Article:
This is a first class publication. If you have even the slightest interest in what goes on under the hood of your guitar, then you should purchase and absorb the contents of this book. If nothing else, then the remaindered stock might become exhausted and the publisher might see fit to run with another issue which would justifiably reward the author some more. There aren't many books of this nature that combine comprehensive information with a little philosophy along the way. I've seen American luthiers name check this book on forums. What are you waiting for?
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on 23 May 2013
As Melvyn Hiscock points out, the internet now provides a huge amount of information for would-be guitar makers and so he doesn't attempt to cover every possibility: what he does is provide an expert overview of the process from design to finishing in a clear and humorous style. Well written, with good b/w illustrations, covering a number of design projects, this is a handy primer for the home/hobbyist luthier. The web is a bit disparate and you can spend hours tracking down and connecting information in the various forums and commercial sites (like the excellent U.S. Stew Mac and superb wiring tutorials from Jonseyblues on Youtube) Melvyn does us the service of gathering the essentials all in one place. He also makes beautiful and inspiring guitars!
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on 16 June 2011
To be fair I've not read the whole book from cover to cover yet, but first impressions are that it's a really useful book in explaining how an electric guitar is put together, how to set up the instrument and it's electronics, etc. but may be a little light on the actual detail of building the main constituent parts as it assumes a good knowledge of woodworking skills and the machines preferred to achieve that. This is not necessarily a bad thing, but prospective buyers should be aware of that.
Otherwise an excellent book that would also be of great help in modifying or upgrading your current guitar as it explains how everything goes together very well...
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on 31 March 2014
a very interesting book , a little dated in its presentation . but on the other hand you can read bits here and there and learn some thing , the main thing iv learnt is that there is no way im ever going to build a guitar from scratch I may as well put the wood straight on the fire ,but I will certainly have a go at hot rodding a guitar with a lot more confidence after reading this book, it is easy to follow and does keep you interested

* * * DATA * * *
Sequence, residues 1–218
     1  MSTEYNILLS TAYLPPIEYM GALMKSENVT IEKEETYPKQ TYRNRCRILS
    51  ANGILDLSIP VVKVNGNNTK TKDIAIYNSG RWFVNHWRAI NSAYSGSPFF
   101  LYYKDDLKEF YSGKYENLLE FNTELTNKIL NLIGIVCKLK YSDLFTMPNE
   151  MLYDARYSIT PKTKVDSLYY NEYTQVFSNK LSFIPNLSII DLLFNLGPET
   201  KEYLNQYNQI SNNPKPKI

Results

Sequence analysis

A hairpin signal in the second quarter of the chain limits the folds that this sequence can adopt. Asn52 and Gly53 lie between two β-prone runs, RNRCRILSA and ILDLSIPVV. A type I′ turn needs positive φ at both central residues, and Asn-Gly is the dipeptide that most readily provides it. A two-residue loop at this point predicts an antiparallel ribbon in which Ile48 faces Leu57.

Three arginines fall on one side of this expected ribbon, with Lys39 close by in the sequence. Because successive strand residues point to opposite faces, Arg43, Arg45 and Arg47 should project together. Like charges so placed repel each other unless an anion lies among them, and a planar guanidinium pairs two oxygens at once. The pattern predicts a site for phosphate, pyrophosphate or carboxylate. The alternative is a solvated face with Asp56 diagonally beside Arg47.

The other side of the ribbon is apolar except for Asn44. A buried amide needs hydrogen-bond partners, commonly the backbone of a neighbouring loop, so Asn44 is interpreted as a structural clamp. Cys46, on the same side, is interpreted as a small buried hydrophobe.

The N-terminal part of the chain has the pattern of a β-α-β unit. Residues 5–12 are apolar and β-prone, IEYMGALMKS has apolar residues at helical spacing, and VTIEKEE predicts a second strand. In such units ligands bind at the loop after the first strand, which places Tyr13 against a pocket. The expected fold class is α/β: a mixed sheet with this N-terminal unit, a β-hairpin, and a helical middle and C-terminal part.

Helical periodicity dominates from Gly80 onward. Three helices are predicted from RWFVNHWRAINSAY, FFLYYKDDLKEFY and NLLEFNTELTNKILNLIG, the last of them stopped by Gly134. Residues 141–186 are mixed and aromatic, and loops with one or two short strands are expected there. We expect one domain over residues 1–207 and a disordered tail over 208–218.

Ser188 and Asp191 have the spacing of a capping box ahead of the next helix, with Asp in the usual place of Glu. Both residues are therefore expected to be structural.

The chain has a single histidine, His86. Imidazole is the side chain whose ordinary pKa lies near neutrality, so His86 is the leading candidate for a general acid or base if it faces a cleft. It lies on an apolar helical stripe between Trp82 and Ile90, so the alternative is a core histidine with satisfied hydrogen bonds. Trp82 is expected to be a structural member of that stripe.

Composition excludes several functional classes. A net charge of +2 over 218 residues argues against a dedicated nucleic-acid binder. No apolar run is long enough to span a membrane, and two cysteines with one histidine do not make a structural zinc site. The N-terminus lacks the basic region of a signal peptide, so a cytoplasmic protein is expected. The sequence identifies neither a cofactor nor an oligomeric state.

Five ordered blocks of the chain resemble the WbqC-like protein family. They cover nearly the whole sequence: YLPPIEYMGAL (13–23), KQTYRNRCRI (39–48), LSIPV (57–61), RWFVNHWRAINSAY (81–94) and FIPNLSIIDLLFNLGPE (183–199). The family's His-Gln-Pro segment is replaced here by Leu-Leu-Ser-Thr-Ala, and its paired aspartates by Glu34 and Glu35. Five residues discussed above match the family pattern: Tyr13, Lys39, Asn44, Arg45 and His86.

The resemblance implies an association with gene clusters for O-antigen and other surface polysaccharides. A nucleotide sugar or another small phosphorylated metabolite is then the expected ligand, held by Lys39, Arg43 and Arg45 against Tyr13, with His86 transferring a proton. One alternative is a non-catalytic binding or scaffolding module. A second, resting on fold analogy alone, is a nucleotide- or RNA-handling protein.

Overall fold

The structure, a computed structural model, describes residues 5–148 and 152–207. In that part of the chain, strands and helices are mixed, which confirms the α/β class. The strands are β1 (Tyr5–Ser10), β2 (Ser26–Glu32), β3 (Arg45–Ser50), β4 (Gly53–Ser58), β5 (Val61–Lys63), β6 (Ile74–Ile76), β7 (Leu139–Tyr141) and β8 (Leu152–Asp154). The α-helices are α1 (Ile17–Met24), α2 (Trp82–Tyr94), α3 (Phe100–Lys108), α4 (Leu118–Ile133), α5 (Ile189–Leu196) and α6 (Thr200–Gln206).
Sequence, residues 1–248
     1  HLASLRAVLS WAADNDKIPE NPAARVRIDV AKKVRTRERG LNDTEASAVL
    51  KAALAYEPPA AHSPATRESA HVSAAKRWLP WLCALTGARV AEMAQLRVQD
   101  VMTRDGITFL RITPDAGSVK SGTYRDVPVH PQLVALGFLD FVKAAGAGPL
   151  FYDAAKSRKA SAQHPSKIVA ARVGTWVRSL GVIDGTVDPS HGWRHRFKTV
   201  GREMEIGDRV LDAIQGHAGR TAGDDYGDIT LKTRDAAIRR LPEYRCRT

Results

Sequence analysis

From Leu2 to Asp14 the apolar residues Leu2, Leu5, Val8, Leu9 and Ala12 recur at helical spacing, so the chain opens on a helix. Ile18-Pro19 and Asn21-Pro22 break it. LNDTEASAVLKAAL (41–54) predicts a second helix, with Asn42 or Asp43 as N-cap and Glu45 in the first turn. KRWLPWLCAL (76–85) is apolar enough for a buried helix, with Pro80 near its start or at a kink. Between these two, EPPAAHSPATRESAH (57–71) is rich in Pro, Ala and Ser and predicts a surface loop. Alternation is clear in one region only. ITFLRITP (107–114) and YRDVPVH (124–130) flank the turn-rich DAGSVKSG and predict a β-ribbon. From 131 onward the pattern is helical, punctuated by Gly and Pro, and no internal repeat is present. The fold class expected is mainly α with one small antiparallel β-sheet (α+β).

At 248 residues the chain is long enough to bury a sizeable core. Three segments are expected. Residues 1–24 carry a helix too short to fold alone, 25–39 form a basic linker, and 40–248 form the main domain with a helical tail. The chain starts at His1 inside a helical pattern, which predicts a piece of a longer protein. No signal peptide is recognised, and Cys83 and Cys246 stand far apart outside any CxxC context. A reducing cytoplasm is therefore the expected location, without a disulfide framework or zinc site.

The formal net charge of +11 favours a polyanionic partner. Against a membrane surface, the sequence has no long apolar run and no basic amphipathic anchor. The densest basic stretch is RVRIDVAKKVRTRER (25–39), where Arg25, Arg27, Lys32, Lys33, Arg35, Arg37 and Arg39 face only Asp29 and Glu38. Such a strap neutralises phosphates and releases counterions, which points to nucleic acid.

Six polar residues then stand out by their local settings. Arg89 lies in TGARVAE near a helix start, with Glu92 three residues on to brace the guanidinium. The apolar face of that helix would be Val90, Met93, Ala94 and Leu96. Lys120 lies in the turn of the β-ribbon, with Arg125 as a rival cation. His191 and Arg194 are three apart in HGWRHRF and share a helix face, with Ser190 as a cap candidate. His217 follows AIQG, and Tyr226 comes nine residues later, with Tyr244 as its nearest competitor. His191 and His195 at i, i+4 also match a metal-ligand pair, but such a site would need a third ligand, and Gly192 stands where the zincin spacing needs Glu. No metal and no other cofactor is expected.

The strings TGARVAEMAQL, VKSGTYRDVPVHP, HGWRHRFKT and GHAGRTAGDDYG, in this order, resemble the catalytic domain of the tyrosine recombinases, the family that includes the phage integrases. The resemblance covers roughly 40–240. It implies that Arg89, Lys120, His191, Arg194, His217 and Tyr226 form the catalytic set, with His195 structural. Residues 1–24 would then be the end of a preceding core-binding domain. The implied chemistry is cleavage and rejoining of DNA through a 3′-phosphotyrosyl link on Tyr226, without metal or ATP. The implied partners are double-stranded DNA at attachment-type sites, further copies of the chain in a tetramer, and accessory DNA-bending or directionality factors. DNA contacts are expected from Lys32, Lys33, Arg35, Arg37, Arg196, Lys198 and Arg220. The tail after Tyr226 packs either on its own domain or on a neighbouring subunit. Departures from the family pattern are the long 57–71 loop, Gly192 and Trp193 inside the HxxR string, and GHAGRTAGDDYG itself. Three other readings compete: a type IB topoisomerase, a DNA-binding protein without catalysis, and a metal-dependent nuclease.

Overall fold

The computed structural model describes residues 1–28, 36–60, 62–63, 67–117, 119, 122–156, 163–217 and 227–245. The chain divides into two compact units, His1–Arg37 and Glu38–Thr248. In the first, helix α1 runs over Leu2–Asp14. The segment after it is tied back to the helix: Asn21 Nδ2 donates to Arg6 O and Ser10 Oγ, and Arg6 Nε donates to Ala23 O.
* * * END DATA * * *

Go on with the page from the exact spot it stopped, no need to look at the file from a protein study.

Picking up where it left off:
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on 17 December 2007
Well written book. It tackles all the wood working side of building an electric guitar.
Basic wiring diagrams and explanations are included as well as a section on pickup selection, however for the true DIY build a book or information on pickup winding will have to be sourced. All you need is this book, time (about 250hours) and knowledge of wood working to build a guitar. I am currently re-reading this book as I plan my second guitar. A brilliant book for advice and reference.
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on 3 April 2013
Easy to read, contains a lot of excellent information about several processes of making a guitar. I've learned more with this book in a week than I've learned in months over the internet trying to grab dispersed information. I sure recommend this book
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on 29 April 2014
This book covers electric guitar building from every angle, from a short but fascinating review of the history of electric guitar technology, a walking tour of wood choices and the first clear explanation of truss rods I have found anywhere, to three step by step examples of building actual guitars (although without plans). The text is clear and full of dry humour - it feels a bit like having an older, slightly grumpy luthier telling you, just in time, not to do something stupid. The foreword by Brian May is disappointingly short, and colour photos would have been a plus, but overall it was just the book that I needed.